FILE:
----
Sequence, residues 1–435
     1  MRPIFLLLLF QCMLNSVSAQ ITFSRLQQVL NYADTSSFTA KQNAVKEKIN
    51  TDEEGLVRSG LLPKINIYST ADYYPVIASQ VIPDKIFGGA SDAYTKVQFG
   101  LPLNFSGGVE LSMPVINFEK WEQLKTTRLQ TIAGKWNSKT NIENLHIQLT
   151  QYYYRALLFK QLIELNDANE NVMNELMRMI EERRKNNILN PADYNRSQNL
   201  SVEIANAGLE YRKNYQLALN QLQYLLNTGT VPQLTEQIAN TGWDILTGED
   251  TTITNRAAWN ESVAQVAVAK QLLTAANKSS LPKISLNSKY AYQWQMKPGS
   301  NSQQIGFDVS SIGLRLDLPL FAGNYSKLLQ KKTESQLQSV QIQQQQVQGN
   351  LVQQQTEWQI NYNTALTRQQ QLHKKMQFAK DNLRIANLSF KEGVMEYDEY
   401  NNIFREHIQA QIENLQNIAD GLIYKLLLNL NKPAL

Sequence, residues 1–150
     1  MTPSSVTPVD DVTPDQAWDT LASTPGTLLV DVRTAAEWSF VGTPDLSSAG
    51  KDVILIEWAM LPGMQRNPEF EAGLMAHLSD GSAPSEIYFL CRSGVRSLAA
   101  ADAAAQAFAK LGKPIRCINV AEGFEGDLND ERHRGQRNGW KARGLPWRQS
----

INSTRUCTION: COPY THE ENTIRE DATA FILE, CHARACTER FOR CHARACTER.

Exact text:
Sequence, residues 1–435
     1  MRPIFLLLLF QCMLNSVSAQ ITFSRLQQVL NYADTSSFTA KQNAVKEKIN
    51  TDEEGLVRSG LLPKINIYST ADYYPVIASQ VIPDKIFGGA SDAYTKVQFG
   101  LPLNFSGGVE LSMPVINFEK WEQLKTTRLQ TIAGKWNSKT NIENLHIQLT
   151  QYYYRALLFK QLIELNDANE NVMNELMRMI EERRKNNILN PADYNRSQNL
   201  SVEIANAGLE YRKNYQLALN QLQYLLNTGT VPQLTEQIAN TGWDILTGED
   251  TTITNRAAWN ESVAQVAVAK QLLTAANKSS LPKISLNSKY AYQWQMKPGS
   301  NSQQIGFDVS SIGLRLDLPL FAGNYSKLLQ KKTESQLQSV QIQQQQVQGN
   351  LVQQQTEWQI NYNTALTRQQ QLHKKMQFAK DNLRIANLSF KEGVMEYDEY
   401  NNIFREHIQA QIENLQNIAD GLIYKLLLNL NKPAL

Sequence, residues 1–150
     1  MTPSSVTPVD DVTPDQAWDT LASTPGTLLV DVRTAAEWSF VGTPDLSSAG
    51  KDVILIEWAM LPGMQRNPEF EAGLMAHLSD GSAPSEIYFL CRSGVRSLAA
   101  ADAAAQAFAK LGKPIRCINV AEGFEGDLND ERHRGQRNGW KARGLPWRQS